"He seemed to me rather a low, common fellow," said Maurice, irritated.
"You needn't like him, if you don't want to," said Bessie. "Let us talk about something else," and she began to make inquiries about home affairs.
We return to Tom, whom we left standing on the platform in the depot.
"Have a carriage, sir?" asked a hackman.
"Anywhere you like—Burnett House."
"If you know of any nice hotel where they'll board me for the pleasure of my company, you can take me right along."
"They don't do business that way, here."
"Never mind, then. I guess my private carriage is outside."
Tom, of course, knew nothing of Cincinnati; but, picking out a man with a carpet-bag, whose dress indicated limited means, he followed him.
"He won't stop at any of the tip-top hotels," thought our hero. "I can't afford to go first-class any more; my pocket-book ain't so full as it was."
He followed his unconscious guide nearly a mile. The latter finally stopped before a small, third-class hotel, which bore the name Ohio House. After a slight pause he entered, and Tom followed him. After the man had registered his name, Tom went up to the desk.
"What do you charge?" he asked.
"Two dollars a day."
"Is that the lowest price?"
"Where a party stays a week, it's ten dollars," was the reply.
"All right," said our hero.
"Will you register your name?"
Tom took the pen, and would have put down "Gilbert Grey," but, as we know, his education had been neglected, and he was not at all sure as to the proper way of spelling Gilbert. After a little reflection, he put down:
G. Grey, New York.
The clerk wrote the number of a room opposite, and asked our hero if he would go to his room before supper.
Tom decided that he would, and was shown into a stuffy little bedroom, which would never have been mistaken, even by the most inexperienced, for a room in a first-class hotel. However, our hero was not very particular—he had never been accustomed to luxurious accommodations, and he was perfectly satisfied with No. 12.
"You can go," said he to the servant, "I'll be down in a jiffy."
He washed his face and hands—for even in the days of his street-life he had paid more regard to neatness than most of his class—opened his carpet-bag and took out a clean paper collar, which he substituted for the one he wore, and, after brushing his hair, went down stairs. He did not have long to wait for his supper, nor was he wanting in appetite. Though the establishment could boast of no French cook, the table was spread with substantial dishes, which Tom attacked vigorously.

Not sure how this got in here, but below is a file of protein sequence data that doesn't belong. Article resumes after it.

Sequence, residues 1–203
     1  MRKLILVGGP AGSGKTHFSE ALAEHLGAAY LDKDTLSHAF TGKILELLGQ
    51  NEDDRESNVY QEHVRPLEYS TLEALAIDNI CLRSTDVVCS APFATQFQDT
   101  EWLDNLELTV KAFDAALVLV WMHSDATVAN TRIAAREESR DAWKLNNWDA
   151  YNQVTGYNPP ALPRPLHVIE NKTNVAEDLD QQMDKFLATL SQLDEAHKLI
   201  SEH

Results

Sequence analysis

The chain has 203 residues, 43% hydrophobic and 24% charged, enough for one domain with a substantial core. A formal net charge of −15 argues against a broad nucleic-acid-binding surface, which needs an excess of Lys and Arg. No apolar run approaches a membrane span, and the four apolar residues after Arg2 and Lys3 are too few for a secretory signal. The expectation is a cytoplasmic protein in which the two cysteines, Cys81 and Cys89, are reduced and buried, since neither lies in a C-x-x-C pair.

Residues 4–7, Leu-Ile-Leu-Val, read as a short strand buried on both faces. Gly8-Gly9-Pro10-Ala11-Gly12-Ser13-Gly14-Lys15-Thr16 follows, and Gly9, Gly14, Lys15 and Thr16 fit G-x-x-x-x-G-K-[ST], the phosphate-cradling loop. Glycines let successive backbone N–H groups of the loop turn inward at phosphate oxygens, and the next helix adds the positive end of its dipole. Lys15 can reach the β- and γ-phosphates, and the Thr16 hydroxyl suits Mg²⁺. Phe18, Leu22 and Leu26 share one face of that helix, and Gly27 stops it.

"There's nothing like a good square meal, when a fellow's hungry," he said to himself. "It's more than old Jacob and I often got. I wonder what the old man would say if he knew I was payin' two dollars a day out of his money? I can't foller it up long, that's one sure thing. But it's no use worrying before it's time. I guess I'll find something to do in a big place like this."
Our hero knew little or nothing about geography, or the comparative size of places. He fancied that Cincinnati was nearly as large as New York. At any rate, it was large enough to afford a living for a young man of pluck and industry. He was no doubt correct in this. Pluck and industry are pretty sure to make their way in any place, whatever its size, and these qualities Tom certainly possessed.
He took up a copy of a Cincinnati daily, and looked over its columns to see if there was any vacant position which he could fill.
WANTED—A gentleman of experience and ability, as Principal of the —— Grammar School. Salary, $2,500 the first year.
"The pay would suit me pretty well," said Tom, "and I guess I could lick some of the bad boys; but I could teach 'em all I know in half a day. Here's a coachman wanted. That won't do, either. 'Wanted.—A man with a small capital, to enter upon a light, genteel business.' I've got the small capital, and it's gettin' smaller every day. Perhaps I wouldn't be genteel enough."
After awhile Tom, having exhausted the advertisements, and found nothing to suit him, felt himself growing sleepy, and went up to bed.